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The Sulfur Dioxide Combination Balance in Wines Made from
The Use of Sulfur Dioxide in Must and Wine Treatment 205
acid, oxaloacetic acid, glycolic aldehyde, ace- toine, diacetyl, 5-hydroxymethylfurfural, etc.
Their individual contribution is insignificant. In the case of dihydroxyacetone, 100 mgl accounts
for the combination of approximately 16 mgl for 50 mgl free SO
, although this value may be as high as 72 mgl in certain types of must Barbe
et al., 2001c. While glyceraldehyde has a greater affinity for SO
K = 0.4 mM, Blouin, 1995, it is
only present in tiny amounts, so it makes a negli- gible contribution to the SO
combination balance. SO
can also bind with phenolic compounds. In the case of proanthocyanic tannins, a solution
of 1 gl binds with 20 mgl of SO
per liter. The combinations are significant with anthocyanins.
These reactions are directly visible by the decol- oration produced. The combination is reversible;
the color reappears when the free sulfur dioxide disappears. This reaction is related to temperature
Section 8.5.2 and acidity Section 8.5.1, which affect the quantity of free SO
. The SO
involved in these combinations is probably titrated by iodine
along with the free SO
. In fact, due to their low stability, they are progressively dissociated to
reestablish the equilibrium as the free SO
is oxi- dized by iodine.
8.4.6 The Sulfur Dioxide Combination Balance in Wines Made from
Burroughs and Sparks 1973 calculated the SO
combination balance for two wines on the basis of the concentrations of the various constituents
involved, determined by chemical assay and expressed in millimoles per liter Section 8.3.2.
The combined SO
calculated by this method was in good agreement with the combined SO
assay results, so it would appear that the SO
combina- tions were fully known in that case.
Blouin 1965 had previously demonstrated the particular importance of ketonic acids in this type
of combination. In spite of all these findings, the sulfur dioxide combination balance cannot
be considered complete and satisfactory. Progress has been made in establishing the combination
balance for wines made from botrytized grapes by finding out about other compounds, such
as dihydroxyacetone, which is in balance with glyceraldehydes Blouin, 1995; Guillou-Largeteau,
1996, and work on neutral carbonyl compounds in wines Guillou-Largeteau, 1996. Finally, more
recent research by Barbe and colleagues 2000; 2001a; b; and c; 2002 has improved control
of sulfur dioxide concentrations by adding to knowledge of the origins of these compounds.
In wines made from botrytized grapes with high or low combination capacities, almost all of
these combinations are accounted for by the con- centrations of 5-oxofructose, dihydroxyacetone,
γ - and δ-gluconolactone, ethanal, pyruvic and
2-oxoglutaric acid, glyoxal, methylglyoxal, and glucose Table 8.9. In contrast, in must made
from the same type of grapes, the high combining power is precisely accounted for by the quantities
combined by 5-oxofructose, dihydroxyace- tone, and gluconic acid lactones Table 8.10.
Carefully-controlled fermentation of botrytized musts minimizes the accumulation of yeast meta-
bolic products combining SO
, although much higher concentrations of these compounds are impli-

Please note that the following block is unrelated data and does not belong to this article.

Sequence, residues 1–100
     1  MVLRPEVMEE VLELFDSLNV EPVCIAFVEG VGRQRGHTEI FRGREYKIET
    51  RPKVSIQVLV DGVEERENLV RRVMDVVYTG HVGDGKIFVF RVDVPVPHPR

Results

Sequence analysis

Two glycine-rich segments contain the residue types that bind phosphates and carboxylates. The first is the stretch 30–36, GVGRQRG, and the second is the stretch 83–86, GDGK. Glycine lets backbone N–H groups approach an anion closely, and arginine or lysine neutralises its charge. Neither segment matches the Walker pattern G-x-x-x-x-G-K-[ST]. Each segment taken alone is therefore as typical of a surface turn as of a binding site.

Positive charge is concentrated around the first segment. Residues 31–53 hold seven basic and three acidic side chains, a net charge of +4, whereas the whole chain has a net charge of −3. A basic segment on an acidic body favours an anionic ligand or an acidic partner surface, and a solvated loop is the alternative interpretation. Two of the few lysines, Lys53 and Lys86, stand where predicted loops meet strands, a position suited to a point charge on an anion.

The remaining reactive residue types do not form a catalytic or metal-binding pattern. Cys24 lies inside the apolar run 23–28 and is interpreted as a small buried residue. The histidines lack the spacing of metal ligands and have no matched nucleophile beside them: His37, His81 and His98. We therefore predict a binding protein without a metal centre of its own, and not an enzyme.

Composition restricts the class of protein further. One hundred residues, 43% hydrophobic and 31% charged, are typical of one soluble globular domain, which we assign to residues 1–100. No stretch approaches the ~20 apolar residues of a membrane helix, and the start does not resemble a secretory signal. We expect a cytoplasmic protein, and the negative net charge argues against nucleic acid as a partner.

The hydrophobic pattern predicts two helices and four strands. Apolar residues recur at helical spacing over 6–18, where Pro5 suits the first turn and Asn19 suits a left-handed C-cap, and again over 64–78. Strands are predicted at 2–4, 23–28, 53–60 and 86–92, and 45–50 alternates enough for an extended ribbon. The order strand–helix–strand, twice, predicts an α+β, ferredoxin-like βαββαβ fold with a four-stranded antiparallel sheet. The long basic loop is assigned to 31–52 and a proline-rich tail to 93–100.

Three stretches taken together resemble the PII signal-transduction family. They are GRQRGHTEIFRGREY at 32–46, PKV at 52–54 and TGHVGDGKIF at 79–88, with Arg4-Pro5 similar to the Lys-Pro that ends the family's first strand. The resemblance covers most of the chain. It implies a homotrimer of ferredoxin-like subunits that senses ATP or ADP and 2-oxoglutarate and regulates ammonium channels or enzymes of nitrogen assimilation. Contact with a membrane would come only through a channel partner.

cated in stopping fermentation than those present in dry wines. Various technological parameters dur-
ing fermentation make it possible to reduce the quantities of sulfur dioxide, by affecting only those
combining compounds produced by fermentation yeasts. Wines with a lower sulfur dioxide combining
power may be obtained by not sulfiting must, adding 0.5 mgl of thiamine to must, choosing a yeast strain
known to produce little ethanal or 2-oxoacids, and delaying mutage until the yeast metabolism has been
completely shut down e.g. by filtering or chilling the wine Barbe et al., 2001c.
These compounds are produced due to the presence of microorganisms in botrytized grapes.
Although yeasts represent a preponderant part of the microorganisms present, acetic bacteria,
especially those in the Gluconobacter genus, are responsible for producing large amounts of these
compounds, which act as intermediaries in their metabolism of the two main sugars in botrytized
grapes Barbe et al., 2001a.
206 Handbook of Enology: The Microbiology of Wine and Vinifications
Table 8.9. Combining powers of compounds in a wine. SO
combinable by all the compounds assayed or only 6 of them ethanal, pyruvic acid, 2-oxoglutaric acid, γ - and
δ -gluconolactone, and 5-oxofructose in 9 wines Barbe, 2000
Wines CL50 mgl
Total combinable SO
combinable by the 6 compounds accounting for
the largest contributions in mgl
in CL50 in mgl
in CL50 1
Table 8.10. Average quantities mgl of sulfur dioxide combined by the compounds under study in different musts Barbe et al., 2001
Compound Musts n
= 24 with low combining power
CL50 = 171 mgl total SO
Musts n = 7 with high
combining power CL50
= 498 mgl total SO
- and δ-gluconolactone 17
2-oxoglutaric acid 14
15 pyruvic acid
combination balance varies consider- ably between different musts metabolism of the
acetic bacteria and wines fermentation parame- ters. Furthermore, the total content of these com-
binant compounds in wine may result from both sources, as shown in Table 8.11.
Finally, Botrytis cinerea indirectly plays two major roles in the accumulation of substances
that combine with SO
. Firstly, it causes in-depth modifications in the grape skins, which become
permeable, thus facilitating access to the various substrates for acetic bacteria. Secondly, noble rot
causes glycerol to accumulate in the grapes and is thus indirectly responsible for dihydroxyacetone
production. Table 8.12 recapitulates all the substances that
identified in musts and wines made from botrytized grapes.
8.5 PRACTICAL CONSEQUENCES: THE STATE OF SULFUR